Most fireworks shows are back, and they're more expensive than ever

  • Spectators take in Wauconda's fireworks display at Cook Park. Many towns and groups that canceled their annual Fourth of July fireworks show in 2020 due to the pandemic said they'll be better than ever this year in spite of mounting costs.

    Spectators take in Wauconda's fireworks display at Cook Park. Many towns and groups that canceled their annual Fourth of July fireworks show in 2020 due to the pandemic said they'll be better than ever this year in spite of mounting costs. Daily Herald File Photo, 2019

 
 
Updated 7/1/2022 10:17 AM

Those who like to celebrate Independence Day by taking in their local fireworks display should take note: Most every fireworks show in the suburbs will be back, and some organizers promise they'll be better than ever.

Most every municipality and organization canceled Fourth of July fireworks in 2020 due to pandemic restrictions on mass gatherings.

 

One of the few sanctioned displays in the suburbs that year was put on by the Schaumburg Boomers. Because baseball was canceled and gatherings were disallowed, organizers needed a workaround and ended up hosting three drive-in shows, General Manager Michael Larson said.

By the time 2021 came around, pent-up demand for fireworks helped drive fans to Wintrust Field. Larson said that over Fourth of July weekend the team set both single-game and weekend attendance records.

Elsewhere, organizers of the Palatine Jaycees Hometown Fest said the group wanted to make the fireworks show, which usually is closer to 20 minutes, last 25 minutes and include a special three-minute grand finale after canceling fireworks the last two years.

"We were willing to spend extra money," said Megan O'Brien, one of the festival co-chairs.

Before the pandemic, Libertyville hadn't spent more than $18,500 on a fireworks show.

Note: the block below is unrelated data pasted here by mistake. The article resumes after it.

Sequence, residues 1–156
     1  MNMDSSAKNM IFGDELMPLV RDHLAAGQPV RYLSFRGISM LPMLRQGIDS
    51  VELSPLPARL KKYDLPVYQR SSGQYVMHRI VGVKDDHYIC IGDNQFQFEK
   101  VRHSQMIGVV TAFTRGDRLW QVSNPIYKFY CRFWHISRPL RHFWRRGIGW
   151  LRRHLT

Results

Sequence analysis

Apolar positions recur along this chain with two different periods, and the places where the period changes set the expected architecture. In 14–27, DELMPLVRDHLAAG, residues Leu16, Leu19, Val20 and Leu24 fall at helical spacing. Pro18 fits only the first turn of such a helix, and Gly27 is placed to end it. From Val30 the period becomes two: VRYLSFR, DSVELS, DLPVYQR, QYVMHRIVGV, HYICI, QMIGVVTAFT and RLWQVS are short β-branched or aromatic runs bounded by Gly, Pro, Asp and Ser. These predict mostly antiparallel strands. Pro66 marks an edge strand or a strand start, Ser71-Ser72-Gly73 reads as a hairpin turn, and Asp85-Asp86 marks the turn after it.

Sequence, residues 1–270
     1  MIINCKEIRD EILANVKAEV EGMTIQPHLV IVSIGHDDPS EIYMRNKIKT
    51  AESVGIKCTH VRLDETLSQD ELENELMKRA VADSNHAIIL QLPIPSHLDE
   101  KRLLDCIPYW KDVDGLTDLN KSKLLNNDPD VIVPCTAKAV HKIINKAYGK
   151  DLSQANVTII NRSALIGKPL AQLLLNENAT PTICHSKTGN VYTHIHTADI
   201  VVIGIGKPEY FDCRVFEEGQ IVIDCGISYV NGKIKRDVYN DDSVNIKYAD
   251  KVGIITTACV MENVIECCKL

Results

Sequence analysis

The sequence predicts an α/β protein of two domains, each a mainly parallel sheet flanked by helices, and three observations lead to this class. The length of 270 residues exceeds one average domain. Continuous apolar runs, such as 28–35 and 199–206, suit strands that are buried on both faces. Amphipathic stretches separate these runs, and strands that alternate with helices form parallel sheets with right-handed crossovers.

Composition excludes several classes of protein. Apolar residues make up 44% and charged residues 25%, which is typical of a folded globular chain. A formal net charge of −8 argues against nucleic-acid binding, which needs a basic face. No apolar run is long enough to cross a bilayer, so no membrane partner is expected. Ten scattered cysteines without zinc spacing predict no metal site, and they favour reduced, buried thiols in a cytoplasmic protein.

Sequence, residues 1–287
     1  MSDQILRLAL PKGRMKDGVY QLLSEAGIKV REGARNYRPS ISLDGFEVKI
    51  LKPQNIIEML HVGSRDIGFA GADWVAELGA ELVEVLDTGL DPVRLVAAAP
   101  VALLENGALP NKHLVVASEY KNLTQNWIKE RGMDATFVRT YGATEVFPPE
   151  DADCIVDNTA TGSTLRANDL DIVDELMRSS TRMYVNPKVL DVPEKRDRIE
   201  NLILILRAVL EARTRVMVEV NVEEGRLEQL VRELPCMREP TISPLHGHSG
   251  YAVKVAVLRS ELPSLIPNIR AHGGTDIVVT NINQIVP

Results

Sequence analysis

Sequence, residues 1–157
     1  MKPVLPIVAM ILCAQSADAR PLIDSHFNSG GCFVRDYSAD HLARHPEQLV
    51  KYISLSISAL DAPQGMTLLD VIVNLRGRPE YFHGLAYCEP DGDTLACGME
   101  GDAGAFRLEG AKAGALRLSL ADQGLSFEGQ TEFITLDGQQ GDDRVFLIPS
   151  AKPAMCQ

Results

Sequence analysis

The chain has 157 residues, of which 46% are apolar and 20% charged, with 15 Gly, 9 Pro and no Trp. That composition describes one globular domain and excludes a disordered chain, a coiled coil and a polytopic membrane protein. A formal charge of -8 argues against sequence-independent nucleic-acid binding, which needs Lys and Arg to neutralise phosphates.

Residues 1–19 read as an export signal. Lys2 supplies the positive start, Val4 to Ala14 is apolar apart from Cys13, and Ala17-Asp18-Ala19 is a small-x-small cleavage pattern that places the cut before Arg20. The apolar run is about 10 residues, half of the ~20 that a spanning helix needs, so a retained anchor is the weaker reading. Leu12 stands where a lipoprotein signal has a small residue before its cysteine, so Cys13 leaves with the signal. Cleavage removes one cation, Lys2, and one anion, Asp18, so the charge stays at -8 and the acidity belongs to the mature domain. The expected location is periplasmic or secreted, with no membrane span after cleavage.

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Village Administrator Kelly Amidei said the village planned a $20,000 show in 2020, but after it was canceled officials opted for a $30,000 show in 2021, in part because the fireworks vendor allowed the village to carry over $10,000 from the canceled show.

"We were very pleased with last year's show," Amidei said, adding that this year's show also is planned to cost $30,000.

One of the rare exceptions to the trend is Arlington Heights. Fireworks usually illuminated the night sky above Arlington Park, which has since closed, and no other group in town has a fireworks show planned this year.

Not all organizers decided to make this year's show bigger, but the market likely will force them pay more money.

Julie Heckman, executive director of the American Pyrotechnics Association, said overall costs are up more than 35% industrywide because of unprecedented demand amid the rising price of supplies, shipping and labor.

Lisa Leonteos, executive coordinator for the village of Wheeling, said despite not increasing the size or duration of the show, the village will pay $34,500 this year compared to $30,000 last year.

And Des Plaines will pay $22,000 for the same scope of show put on last year for $20,000, said Maureen Stern, city director of media services.

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